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Retirement and loss of purpose

(19 Posts)
lippyqueen Wed 21-Aug-19 15:12:59

Hello everyone, I retired from a busy job 18 months ago. At first I was very happy to be at home but as time has gone on I am feeling a lack of purpose/contentment. I am not particularly short of things to do, I look after grandchildren, gardening, dog walking and tryto keep fit. I was learning to play golf but have an injured shoulder so have had to stop. I also have an elderly mother in a care home at present as she has motor neurone disease and had a fall out of her wheelchair and fractured her cervical spine. She is still hoping to go home when the fracture has healed. I do most of the organising of her care.
I am 63 and married and when I write it all down as above, I can see that that there is a lot going on and maybe I should give myself some “slack”. I have always been used to being busy all the time and now feel a bit lost. I have also applied to do some volunteering at the local hospital. To be honest I am not sure what I am looking for, perhaps it is an age thing and I cannot accept I am getting older. I have to say that seeing my mother in this dreadful state upsets and worries me immensely. Does anyone else feel similar?

sodapop Wed 21-Aug-19 17:07:35

Sounds like your life is busy lippyqueen I'm sorry to hear your mother is suffering from MND its a horrible illness.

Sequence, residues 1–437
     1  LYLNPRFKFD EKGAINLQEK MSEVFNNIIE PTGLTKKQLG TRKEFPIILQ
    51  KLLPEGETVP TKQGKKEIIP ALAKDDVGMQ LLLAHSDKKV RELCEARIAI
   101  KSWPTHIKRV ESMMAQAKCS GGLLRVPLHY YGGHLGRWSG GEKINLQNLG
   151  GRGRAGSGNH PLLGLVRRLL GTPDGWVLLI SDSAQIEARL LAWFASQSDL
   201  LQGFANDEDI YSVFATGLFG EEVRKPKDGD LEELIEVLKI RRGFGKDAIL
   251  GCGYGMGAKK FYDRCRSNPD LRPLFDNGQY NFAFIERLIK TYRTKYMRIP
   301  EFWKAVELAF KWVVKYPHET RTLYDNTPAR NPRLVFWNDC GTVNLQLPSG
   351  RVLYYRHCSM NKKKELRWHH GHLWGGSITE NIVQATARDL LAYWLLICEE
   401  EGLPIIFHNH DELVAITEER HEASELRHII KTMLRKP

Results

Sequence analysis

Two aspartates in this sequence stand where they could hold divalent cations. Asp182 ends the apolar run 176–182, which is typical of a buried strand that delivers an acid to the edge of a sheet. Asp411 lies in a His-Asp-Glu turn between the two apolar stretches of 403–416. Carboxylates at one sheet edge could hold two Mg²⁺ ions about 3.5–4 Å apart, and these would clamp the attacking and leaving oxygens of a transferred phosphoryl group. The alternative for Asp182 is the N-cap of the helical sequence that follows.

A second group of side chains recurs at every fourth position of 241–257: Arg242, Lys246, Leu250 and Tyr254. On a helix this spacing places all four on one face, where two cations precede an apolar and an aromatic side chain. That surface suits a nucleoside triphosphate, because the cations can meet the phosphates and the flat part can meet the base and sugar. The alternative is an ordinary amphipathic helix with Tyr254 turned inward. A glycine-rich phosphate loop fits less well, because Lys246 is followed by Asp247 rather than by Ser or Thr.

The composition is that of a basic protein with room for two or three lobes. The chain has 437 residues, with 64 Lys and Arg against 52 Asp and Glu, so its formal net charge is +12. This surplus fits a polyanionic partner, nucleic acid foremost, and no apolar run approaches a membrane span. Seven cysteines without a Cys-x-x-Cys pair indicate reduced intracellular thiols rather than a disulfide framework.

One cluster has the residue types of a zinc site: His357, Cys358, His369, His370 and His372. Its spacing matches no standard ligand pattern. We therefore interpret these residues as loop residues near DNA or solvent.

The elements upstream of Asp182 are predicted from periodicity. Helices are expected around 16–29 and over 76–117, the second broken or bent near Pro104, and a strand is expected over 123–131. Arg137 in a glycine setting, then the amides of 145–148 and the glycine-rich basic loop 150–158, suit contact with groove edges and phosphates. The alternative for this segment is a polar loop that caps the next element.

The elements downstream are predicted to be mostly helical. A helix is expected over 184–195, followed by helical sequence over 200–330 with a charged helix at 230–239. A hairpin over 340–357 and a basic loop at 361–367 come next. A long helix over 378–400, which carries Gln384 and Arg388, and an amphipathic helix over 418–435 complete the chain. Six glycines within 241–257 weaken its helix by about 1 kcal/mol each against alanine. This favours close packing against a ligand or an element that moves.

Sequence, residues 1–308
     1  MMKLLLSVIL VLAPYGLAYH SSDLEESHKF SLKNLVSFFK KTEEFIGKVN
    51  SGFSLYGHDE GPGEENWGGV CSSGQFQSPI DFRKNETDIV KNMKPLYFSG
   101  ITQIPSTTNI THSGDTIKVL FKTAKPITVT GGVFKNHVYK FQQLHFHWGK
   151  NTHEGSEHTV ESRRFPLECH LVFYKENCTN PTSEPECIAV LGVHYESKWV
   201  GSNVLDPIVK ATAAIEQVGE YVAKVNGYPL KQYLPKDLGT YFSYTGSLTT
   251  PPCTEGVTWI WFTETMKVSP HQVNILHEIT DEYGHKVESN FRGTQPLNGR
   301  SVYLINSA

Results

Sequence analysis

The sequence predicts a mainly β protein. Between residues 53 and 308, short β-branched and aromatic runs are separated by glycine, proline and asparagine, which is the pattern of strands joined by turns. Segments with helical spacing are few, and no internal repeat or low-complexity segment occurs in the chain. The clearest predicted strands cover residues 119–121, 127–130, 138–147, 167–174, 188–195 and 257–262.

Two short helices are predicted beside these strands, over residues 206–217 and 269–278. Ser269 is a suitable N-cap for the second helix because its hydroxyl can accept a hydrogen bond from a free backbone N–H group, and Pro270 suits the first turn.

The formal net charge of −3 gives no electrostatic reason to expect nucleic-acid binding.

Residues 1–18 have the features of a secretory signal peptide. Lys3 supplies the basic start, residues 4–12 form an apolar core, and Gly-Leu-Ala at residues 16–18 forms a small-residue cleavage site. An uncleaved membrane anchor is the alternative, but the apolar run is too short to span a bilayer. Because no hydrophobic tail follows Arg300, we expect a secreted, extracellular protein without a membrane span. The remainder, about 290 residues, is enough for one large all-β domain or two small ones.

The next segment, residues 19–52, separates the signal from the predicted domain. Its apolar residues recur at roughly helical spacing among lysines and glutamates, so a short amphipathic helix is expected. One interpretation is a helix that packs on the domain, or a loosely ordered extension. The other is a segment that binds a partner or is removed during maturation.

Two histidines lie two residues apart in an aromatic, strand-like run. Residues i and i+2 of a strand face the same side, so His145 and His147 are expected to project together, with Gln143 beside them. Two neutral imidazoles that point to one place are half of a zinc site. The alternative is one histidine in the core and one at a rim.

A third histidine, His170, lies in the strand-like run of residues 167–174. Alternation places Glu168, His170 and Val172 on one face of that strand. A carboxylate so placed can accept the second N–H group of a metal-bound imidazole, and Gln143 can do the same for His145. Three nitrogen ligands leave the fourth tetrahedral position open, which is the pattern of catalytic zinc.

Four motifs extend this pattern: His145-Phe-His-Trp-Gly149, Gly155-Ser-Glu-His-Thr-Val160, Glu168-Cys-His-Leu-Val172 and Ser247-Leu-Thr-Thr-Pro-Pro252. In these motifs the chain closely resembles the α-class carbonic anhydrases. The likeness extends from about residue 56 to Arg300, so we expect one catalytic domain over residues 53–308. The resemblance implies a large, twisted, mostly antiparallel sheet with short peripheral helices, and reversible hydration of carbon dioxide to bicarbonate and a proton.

Retirement does not mean you have to fill every moment with meaningful activity. Relax and take time to smell the roses. Read some of the books you didn't have time for when you were working, but above all have time for yourself you deserve it.

kittylester Wed 21-Aug-19 17:44:04

I'm going in the opposite direction from soda. Is there a volunteering role that really appeals to you?

My volunteering is hard work but it is mine and I get to meet lots of different people. Maybe you could do something just for you.

Fennel Wed 21-Aug-19 17:53:08

I agree with Kitty. I changed from a full time very demanding job to retirement when I was in my late 50s. I found the transition easier because there were many voluntary jobs I could do, related to my previous work.
The main thing I missed, though, was the social contact with my work colleagues.
That's another subject.

GracesGranMK3 Wed 21-Aug-19 18:21:49

You are doing a lot for others lippyqueen but not really anything for yourself. I think the golf may have done that but you might have to have played less in the winter anyway. Is there anything you have always wanted to do? If you can do something and make it pretty immovable so other things have to fit round it you might feel a bit more in control again.

GuestCorrectly Wed 21-Aug-19 18:22:45

I’ve been exploring that strange place called retirement for 5 years now and would only say it does take time to work out how to get fulfilment from it, once the honeymoon period is over.
I too do voluntary work and pursue hobbies I had let drift whilst working.
Primarily though, I have set myself a series of challenges (I don’t like the bucket list phenomenon), beginning with getting fit for which I joined a gym and took up exercise classes I’d never have thought possible including weight lifting and ballet barre as well as Zumba, Pilates, Yoga and others. It’s now become a daily habit and something of a social event.